About Katie

When I was three I had my cousin convinced I could read. In reality I had heard "Joey the Jack-o-lantern" so many times I had it memorized. To this day everyone in my family can tell you when Joey is and is not scary.

Reduce, Reuse, Recycle

Picture of recycling binAmerica Recycles Day, celebrated on November 15th, has passed us by. Did you celebrate with your children by utilizing your local recycling center, repurposing something that you otherwise would have thrown away or by taking the Keep America Beautiful pledge? If you did, wonderful! If you missed out on celebrating America Recycles Day, that’s okay! You can celebrate recycling any day of the year.

Recycling is a great activity for children to participate in, not only because it helps the environment and reduces waste, but also because it can be a sorting project, requiring children to pay attention to details.

A great place to start your recycling journey is your local library, where you can find children’s books about recycling and examples of recycling. When we update the DBRL buildings or buy new furniture, we give preference to local products and products that have a percentage of the content made from recycled materials. Continue reading

Teal Pumpkin Project

Last year I heard about a wonderful idea called the Teal Pumpkin Project. The primary goal of the project is to make trick-or-treating on Halloween safer for children with food allergies. To do this, Teal Pumpkin Project participants have non-candy treats on hand, and they display a sign and a pumpkin painted teal to let trick-or-treaters know safe treats are available. The Teal Pumpkin Project started in 2014, and it is the brain child of the Food Allergy Research & Education organization.  Logo for Teal Pumpkin Project

The Teal Pumpkin Project makes Halloween not only safer but healthier as well. If you hand out treats on Halloween, explore some non-candy options, such as pencils, erasers, glow sticks, stickers, bubbles, bookmarks, whistles or other small objects. Just be sure that you are aware of what might be a choking hazard for little ones. Don’t forget to display your participation with a Teal Pumpkin Project sign!

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Recycled Rainstick Craft

The library is celebrating Latino history with a variety of programs, book displays, special story times and more! One way you can continue this fun at home is to create a rainstick based on those used by the Aztecs. The Aztecs believed that they could summon rain storms by using rainsticks. Originally they were made from pieces of hollow cacti that were dried in the sun. The spines from the cacti were driven into the cacti like nails, and pebbles or other small objects were placed inside. To complete the rainstick, the ends were sealed. When the rain stick was tipped, the pebbles would fall through the tube and bump against the spines. This would create a sound like faRainstick_01lling rain.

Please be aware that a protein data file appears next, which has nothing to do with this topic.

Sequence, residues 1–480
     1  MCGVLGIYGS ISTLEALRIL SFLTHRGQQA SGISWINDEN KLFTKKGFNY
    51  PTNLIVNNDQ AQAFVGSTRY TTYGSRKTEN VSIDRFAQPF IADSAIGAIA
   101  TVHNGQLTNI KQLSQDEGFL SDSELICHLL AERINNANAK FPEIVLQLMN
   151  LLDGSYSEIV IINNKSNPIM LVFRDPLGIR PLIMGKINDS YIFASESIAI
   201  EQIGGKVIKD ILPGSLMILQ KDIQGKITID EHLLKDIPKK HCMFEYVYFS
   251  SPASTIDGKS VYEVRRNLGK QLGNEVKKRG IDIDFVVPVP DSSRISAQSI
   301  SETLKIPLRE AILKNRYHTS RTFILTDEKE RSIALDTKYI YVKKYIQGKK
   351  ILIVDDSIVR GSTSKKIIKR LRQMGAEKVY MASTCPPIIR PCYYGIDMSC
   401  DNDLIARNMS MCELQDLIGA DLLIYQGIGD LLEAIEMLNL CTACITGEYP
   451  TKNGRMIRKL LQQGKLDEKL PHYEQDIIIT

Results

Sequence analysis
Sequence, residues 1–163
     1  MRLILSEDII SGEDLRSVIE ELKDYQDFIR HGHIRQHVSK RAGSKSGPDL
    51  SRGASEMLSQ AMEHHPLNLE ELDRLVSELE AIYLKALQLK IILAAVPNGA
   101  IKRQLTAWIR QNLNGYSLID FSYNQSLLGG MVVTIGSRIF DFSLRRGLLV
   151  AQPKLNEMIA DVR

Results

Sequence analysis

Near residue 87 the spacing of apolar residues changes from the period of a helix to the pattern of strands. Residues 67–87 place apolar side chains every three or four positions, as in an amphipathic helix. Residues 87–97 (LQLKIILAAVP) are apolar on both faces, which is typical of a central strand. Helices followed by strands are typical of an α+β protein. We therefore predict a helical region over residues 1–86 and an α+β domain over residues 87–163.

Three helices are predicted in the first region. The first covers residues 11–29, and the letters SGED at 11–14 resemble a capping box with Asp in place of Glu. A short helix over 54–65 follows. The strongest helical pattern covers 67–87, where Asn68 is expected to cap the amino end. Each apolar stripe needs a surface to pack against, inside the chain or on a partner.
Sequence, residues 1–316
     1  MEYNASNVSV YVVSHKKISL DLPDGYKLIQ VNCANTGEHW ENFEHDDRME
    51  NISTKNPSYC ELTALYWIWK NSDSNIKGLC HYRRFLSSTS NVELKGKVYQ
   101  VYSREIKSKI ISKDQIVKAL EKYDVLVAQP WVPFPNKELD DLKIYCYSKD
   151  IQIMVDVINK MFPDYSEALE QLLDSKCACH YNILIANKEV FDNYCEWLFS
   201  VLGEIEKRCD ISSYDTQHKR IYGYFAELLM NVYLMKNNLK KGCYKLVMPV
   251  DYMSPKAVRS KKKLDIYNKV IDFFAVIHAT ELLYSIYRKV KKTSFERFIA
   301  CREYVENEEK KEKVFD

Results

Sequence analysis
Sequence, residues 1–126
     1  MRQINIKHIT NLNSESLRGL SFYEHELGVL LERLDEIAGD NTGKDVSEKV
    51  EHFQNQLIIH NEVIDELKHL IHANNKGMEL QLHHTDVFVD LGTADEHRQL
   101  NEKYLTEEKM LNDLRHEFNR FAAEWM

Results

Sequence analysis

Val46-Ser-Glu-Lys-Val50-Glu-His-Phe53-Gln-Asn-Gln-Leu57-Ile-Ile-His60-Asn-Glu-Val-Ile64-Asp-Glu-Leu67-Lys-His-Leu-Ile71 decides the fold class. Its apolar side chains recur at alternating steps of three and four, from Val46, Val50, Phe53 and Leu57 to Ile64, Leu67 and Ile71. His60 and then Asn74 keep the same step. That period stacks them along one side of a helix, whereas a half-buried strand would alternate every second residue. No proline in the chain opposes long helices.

Now, I’m not going to ask you to go find a cactus for this project. There is a simple, child-friendly rainstick you and your kids can create.

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2015 Missouri Building Blocks: Buddy and the Bunnies in Don’t Play With Your Food

Book cover for Buddy and the Bunnies in: Don’t Play With Your FoodOne of this year’s Missouri Building Block nominees is “Buddy and the Bunnies in: Don’t Play With Your Food” by Bob Shea. This is a fun story about a monster named Buddy who really wants to eat the bunnies living nearby.  However, the bunnies have other ideas. They would rather bake cupcakes, go swimming and visit the carnival. What’s a monster like Buddy to do when his “snack” is so much fun to be with?

Here are some ways you can keep the fun going:

Write or act out your own story.

  • What would you do if a monster was trying to eat you?
  • How would you make friends with a monster?
  • What are some fun activities you and your friends have done over the summer?

Create your own monster or bunny – either on paper or as a costume. Continue reading

Books We Love: Super Red Riding Hood

Book cover for Super Read Riding HoodIf you have read any of my other blog posts, you might have noticed my love of fairy tales. Classics, twisted, retold… they are all wonderful in my eyes. When I saw “Super Red Riding Hood,” by Claudia Dvaila, I knew I had to read it. Not only does it tell a new version of Red Riding Hood, but its superhero theme is perfect for this year’s Summer Reading program.

I’m glad I took the time to check out this story – it means I can share this delightful story about a young girl, Ruby, who is actually Super Red Riding Hood! When Ruby puts on her cape and red boots, she becomes a superhero capable of amazing things. Her super traits help her successfully complete her mission into the woods and even make a new friend.

Charming and captivating illustrations? Check. Engaging text? Check. Storyline children and adults will enjoy? Check! If you have a youngster (and don’t worry, boys will enjoy this one, too), I encourage you to look into this book.

Since I mentioned our Summer Reading program, a reminder that Summer Reading ends on August 15th! Be sure to get to your local library with your completed sheet or booklet to get a free book and register for a chance to win a free book set!